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How do I find out what CRT functions supported by GNU C are part of the standard library? As an example: atoi() and itoa().

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Are you testing us? Easily could be found in the net sources. – Artem Barger Mar 1 '11 at 15:06
@Artem Barger: Yep, Google search, second result: – user142019 Mar 1 '11 at 15:07
The Wikipedia itoa and atoi articles provide the answer. – jschmier Mar 1 '11 at 15:12
Yuck, there could be hundreds more versions of this question. Edited. – Hans Passant Mar 1 '11 at 15:23
up vote 2 down vote accepted

atoi() is part of the standard library.
itoa() is not part of the standard library.

You can implement it this way to use it:

 #include <string.h>

 void itoa(int input, void (*subr)(char));

 void itoa(int n, char s[]) {
     int i, sign;

     if ((sign = n) < 0)  /* record sign */
         n = -n;          /* make n positive */
     i = 0;
     do {       /* generate digits in reverse order */
         s[i++] = n % 10 + '0';   /* get next digit */
     } while ((n /= 10) > 0);     /* delete it */
     if (sign < 0)
         s[i++] = '-';
     s[i] = '\0';

 /* reverse:  reverse string s in place */
 void reverse(char s[]) {
     int i, j;
     char c;

     for (i = 0, j = strlen(s)-1; i<j; i++, j--) {
         c = s[i];
         s[i] = s[j];
         s[j] = c;

See comments to see why this is striked through, although it works fine for other values.

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You just need to check for INT_MIN: itoa(INT_MIN, buffer); /* oops */ – pmg Mar 1 '11 at 15:21
@pmg you are right hehe: same for INT_MAX only it'll result in a crash :( – user142019 Mar 1 '11 at 15:25
for INT_MAX there is no problem. I changed the buffer in your code and run it: – pmg Mar 1 '11 at 16:38

Quoting part of Wikipedia's first paragraphs for each of atoi and itoa:


atoi is a function in the C programming language that converts a string into an integer numerical representation. atoi stands for ASCII to integer. It is included in the C standard library header file stdlib.h.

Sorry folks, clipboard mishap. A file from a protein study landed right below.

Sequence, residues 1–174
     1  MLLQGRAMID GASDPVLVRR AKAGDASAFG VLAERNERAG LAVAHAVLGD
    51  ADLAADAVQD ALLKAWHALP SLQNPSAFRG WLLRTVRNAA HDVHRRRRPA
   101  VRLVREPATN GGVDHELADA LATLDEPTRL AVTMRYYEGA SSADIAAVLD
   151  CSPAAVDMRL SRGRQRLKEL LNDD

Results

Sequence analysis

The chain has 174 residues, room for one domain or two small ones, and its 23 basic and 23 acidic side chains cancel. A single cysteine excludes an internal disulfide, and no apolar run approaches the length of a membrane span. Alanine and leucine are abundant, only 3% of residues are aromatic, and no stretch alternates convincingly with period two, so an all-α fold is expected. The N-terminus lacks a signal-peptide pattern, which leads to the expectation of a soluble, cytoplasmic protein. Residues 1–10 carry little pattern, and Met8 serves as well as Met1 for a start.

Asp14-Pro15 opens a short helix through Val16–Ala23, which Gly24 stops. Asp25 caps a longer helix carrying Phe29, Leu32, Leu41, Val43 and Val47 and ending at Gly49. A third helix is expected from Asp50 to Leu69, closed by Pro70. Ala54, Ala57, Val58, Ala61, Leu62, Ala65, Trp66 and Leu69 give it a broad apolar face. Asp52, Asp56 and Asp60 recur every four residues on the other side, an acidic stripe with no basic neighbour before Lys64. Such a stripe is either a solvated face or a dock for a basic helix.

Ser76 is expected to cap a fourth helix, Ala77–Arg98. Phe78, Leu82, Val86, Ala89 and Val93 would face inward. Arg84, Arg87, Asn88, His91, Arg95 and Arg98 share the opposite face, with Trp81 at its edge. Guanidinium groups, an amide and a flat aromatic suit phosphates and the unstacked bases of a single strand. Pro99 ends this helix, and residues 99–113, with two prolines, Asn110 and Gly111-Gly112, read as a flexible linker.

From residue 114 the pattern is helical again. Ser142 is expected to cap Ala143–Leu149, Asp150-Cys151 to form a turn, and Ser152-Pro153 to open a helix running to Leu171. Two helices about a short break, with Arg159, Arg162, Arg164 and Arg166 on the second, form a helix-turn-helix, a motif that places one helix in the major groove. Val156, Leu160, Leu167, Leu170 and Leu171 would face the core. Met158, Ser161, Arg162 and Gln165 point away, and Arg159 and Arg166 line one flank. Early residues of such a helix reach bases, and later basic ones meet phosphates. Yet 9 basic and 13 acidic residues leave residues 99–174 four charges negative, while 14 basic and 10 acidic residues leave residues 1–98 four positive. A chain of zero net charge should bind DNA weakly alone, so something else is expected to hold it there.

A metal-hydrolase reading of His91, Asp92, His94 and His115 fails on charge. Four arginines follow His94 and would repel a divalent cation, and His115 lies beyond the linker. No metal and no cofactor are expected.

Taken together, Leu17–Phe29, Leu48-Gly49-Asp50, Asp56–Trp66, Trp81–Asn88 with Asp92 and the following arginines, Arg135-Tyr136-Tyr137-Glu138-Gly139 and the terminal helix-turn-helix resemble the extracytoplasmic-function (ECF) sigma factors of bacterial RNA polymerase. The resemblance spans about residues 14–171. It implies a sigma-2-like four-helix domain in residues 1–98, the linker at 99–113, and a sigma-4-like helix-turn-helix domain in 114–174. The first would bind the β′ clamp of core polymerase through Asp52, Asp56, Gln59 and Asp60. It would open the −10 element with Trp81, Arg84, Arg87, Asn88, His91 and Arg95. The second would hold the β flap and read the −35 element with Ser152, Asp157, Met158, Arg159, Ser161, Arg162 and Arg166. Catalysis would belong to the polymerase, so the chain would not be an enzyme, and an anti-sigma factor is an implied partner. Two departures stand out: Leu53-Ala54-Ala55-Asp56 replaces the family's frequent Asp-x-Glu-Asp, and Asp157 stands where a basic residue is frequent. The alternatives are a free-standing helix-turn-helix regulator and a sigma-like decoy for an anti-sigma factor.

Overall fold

The itoa (integer to ASCII) function is a widespread non-standard extension to the standard C programming language. It cannot be portably used, as it is not defined in any of the C language standards; however, compilers often provide it through the header while in non-conforming mode, because it is a logical counterpart to the standard library function atoi.

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The answer to your question is rather obviously perhaps to use a standard library reference. The definitive reference is the ISO standard. But there are others The Dinkumware C Library for example.

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I'm sure that at least atoi() is in the std library.

Wikipedia confirms it atoi() itoa()

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itoa is not in standard library../

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This is really a comment, not an answer to the question. Please use "add comment" to leave feedback for the author. – Thor Aug 15 '12 at 16:05

itoa is not part of the standard library; it is a common extension.

atoi is part of the standard library, and its prototype is declared in stdlib.h (n1256, §

For a complete listing of what functions are part of the standard library, see the online C standard, draft n1256, § 7 (Library).

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